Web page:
Actually, Barcelona has a couple thousand years of architecture on display. You can tour large sections of the old Roman city in the City Museum.

The Gothic quarter preserves the cathedral and religious buildings. There are Renaissance palaces converted into schools.

Invasion of the Anglo Saxons

Barcelona made huge upgrades to its transportation systems and tourist facilities for the 1992 Olympics. As a reporter and editor, I did some stories about all of the investment. It has paid off in attracting foreign investment and visitors. In the process, the city has lost some of its charm.

Sgraffito facade. Layers of plaster of different colors create the effect.

Sunday, January 18, 2015

Pamplona: Lots of running, no bulls

Pamplona is in NE Spain in Basque country. A 1,200-year-old pilgrimage route passes through the city and goes to Santiago de Compostela in the northwest of the country. 
The city of 200,000 sits on a plateau, surrounded by hills. 
PAMPLONA, Spain -- After one week we love this place. It has lots of parks, bike paths, cafes and restaurants all within a short walk of our apartment.

On our block are a butcher shop, fruit and vegetable shop, a small general store and a bar or two. A big grocery-department store like a Wal-Mart is two or three blocks away. Cindy likes all the shopping opportunities.

The local people are generally friendly and very polite, although local people tell us that they are more reserved than the people in the South.

We have been running around getting various documents at various government agencies so we can get paid, get health care, etc. The offices are professional and efficient. Not a lot of waiting.

Sunday, September 21, 2014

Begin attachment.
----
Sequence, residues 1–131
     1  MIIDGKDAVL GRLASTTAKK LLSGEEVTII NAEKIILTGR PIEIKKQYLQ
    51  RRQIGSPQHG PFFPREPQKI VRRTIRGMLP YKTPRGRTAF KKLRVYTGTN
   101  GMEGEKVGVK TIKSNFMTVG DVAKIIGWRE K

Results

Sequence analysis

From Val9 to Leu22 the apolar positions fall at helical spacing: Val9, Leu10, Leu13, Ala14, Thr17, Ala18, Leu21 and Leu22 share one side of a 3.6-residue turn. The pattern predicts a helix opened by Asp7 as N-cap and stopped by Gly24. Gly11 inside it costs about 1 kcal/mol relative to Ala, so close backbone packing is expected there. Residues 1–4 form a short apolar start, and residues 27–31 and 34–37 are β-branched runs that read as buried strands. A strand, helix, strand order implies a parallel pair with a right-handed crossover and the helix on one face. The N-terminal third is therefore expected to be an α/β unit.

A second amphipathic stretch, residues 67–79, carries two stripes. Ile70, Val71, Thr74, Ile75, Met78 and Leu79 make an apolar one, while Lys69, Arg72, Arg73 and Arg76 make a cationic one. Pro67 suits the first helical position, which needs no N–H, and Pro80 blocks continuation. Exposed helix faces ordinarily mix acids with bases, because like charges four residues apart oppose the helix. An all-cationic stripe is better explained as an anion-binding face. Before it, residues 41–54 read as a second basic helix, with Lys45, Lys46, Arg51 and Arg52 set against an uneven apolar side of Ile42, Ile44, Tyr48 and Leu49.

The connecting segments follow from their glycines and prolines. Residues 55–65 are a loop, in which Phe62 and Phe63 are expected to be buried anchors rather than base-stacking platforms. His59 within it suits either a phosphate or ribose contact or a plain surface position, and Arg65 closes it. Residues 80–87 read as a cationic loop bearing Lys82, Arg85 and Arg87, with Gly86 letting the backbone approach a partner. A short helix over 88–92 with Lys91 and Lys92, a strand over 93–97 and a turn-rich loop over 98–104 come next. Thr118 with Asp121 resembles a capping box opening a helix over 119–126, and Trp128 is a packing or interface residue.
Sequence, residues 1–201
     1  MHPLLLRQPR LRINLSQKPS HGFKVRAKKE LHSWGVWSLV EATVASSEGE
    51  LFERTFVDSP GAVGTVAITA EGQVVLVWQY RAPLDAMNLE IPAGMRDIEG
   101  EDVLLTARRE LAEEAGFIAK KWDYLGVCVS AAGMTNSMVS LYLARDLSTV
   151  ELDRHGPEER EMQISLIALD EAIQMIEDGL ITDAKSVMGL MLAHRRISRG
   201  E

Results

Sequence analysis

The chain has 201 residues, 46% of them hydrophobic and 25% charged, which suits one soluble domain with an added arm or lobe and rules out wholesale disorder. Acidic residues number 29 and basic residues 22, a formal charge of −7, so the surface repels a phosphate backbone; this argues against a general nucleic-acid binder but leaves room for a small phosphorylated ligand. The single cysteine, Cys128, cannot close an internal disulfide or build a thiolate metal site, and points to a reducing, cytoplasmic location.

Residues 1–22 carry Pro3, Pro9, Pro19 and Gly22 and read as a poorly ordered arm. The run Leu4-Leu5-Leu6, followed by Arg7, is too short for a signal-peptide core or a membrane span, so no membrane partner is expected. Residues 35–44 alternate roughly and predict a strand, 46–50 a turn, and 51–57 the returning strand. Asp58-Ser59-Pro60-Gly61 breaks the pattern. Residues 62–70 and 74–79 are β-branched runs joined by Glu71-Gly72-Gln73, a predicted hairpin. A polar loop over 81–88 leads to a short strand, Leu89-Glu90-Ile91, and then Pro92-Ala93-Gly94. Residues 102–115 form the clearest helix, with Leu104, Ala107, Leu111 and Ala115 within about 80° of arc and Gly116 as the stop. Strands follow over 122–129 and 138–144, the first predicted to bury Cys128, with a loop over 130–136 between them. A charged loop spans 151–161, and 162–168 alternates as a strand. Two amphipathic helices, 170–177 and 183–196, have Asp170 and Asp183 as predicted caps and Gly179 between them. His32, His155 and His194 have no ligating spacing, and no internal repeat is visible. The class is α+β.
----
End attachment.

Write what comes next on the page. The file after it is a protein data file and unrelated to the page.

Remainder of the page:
Favorite photos from Christine and Fernando's wedding

Christine Breiner and Fernando Duarte, on their way to the wedding reception in lower Manhattan, July 12, 2014. Photo by Martin Orozco.




They met at MIT several years ago while playing co-ed soccer. He was finishing his doctorate in economics and she was a post-doc in math. He got a job at the Federal Reserve Bank in New York and she got a teaching job at Fordham University in the Bronx.

They wanted to have a simple wedding. No more than 40 guests. No gifts, please. The week before the wedding, activities included a trip to the batting cages, watching the Netherlands-Argentina World Cup match with family (he is from Argentina), a pizza party on the rooftop terrace rather than a rehearsal dinner.

Fernando's parents and sister traveled more than 5,000 miles from Mendoza, Argentina, which is wine country, just a hop over the Andes from Santiago, Chile. (Moscow is closer to New York.) The photographer was Martin Orozco, Fernando's brother-in-law.


The ceremony was at the Anglican Church in the Bowery that Christine attends and where she does volunteer work, St. Mark's. Music was provided by a trio of oboe, piano and bass, and a song from Christine's friend Allison.